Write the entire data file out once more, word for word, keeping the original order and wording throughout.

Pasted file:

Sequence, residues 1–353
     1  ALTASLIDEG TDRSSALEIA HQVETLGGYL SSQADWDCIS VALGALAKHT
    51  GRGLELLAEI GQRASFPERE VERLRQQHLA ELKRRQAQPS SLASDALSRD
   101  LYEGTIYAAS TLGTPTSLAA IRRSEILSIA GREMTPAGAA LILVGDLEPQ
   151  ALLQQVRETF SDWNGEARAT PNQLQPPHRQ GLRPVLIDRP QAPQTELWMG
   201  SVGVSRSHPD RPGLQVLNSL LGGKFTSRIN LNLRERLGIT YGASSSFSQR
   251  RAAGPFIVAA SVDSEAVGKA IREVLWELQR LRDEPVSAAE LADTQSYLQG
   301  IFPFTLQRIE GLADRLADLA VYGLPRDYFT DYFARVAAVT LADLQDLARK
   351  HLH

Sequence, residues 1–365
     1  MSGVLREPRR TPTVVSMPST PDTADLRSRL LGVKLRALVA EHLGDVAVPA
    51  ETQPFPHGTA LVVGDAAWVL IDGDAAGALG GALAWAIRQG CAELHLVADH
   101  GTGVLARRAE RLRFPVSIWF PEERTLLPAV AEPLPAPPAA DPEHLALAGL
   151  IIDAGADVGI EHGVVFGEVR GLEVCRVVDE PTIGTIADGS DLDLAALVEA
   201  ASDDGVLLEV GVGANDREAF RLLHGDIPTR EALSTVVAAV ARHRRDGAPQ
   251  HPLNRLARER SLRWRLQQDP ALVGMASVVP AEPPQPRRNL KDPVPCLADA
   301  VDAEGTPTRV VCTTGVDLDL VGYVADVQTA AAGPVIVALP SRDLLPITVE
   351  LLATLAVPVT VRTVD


Sequence, residues 1–353
     1  ALTASLIDEG TDRSSALEIA HQVETLGGYL SSQADWDCIS VALGALAKHT
    51  GRGLELLAEI GQRASFPERE VERLRQQHLA ELKRRQAQPS SLASDALSRD
   101  LYEGTIYAAS TLGTPTSLAA IRRSEILSIA GREMTPAGAA LILVGDLEPQ
   151  ALLQQVRETF SDWNGEARAT PNQLQPPHRQ GLRPVLIDRP QAPQTELWMG
   201  SVGVSRSHPD RPGLQVLNSL LGGKFTSRIN LNLRERLGIT YGASSSFSQR
   251  RAAGPFIVAA SVDSEAVGKA IREVLWELQR LRDEPVSAAE LADTQSYLQG
   301  IFPFTLQRIE GLADRLADLA VYGLPRDYFT DYFARVAAVT LADLQDLARK
   351  HLH

Sequence, residues 1–365
     1  MSGVLREPRR TPTVVSMPST PDTADLRSRL LGVKLRALVA EHLGDVAVPA
    51  ETQPFPHGTA LVVGDAAWVL IDGDAAGALG GALAWAIRQG CAELHLVADH
   101  GTGVLARRAE RLRFPVSIWF PEERTLLPAV AEPLPAPPAA DPEHLALAGL
   151  IIDAGADVGI EHGVVFGEVR GLEVCRVVDE PTIGTIADGS DLDLAALVEA
   201  ASDDGVLLEV GVGANDREAF RLLHGDIPTR EALSTVVAAV ARHRRDGAPQ
   251  HPLNRLARER SLRWRLQQDP ALVGMASVVP AEPPQPRRNL KDPVPCLADA
   301  VDAEGTPTRV VCTTGVDLDL VGYVADVQTA AAGPVIVALP SRDLLPITVE
   351  LLATLAVPVT VRTVD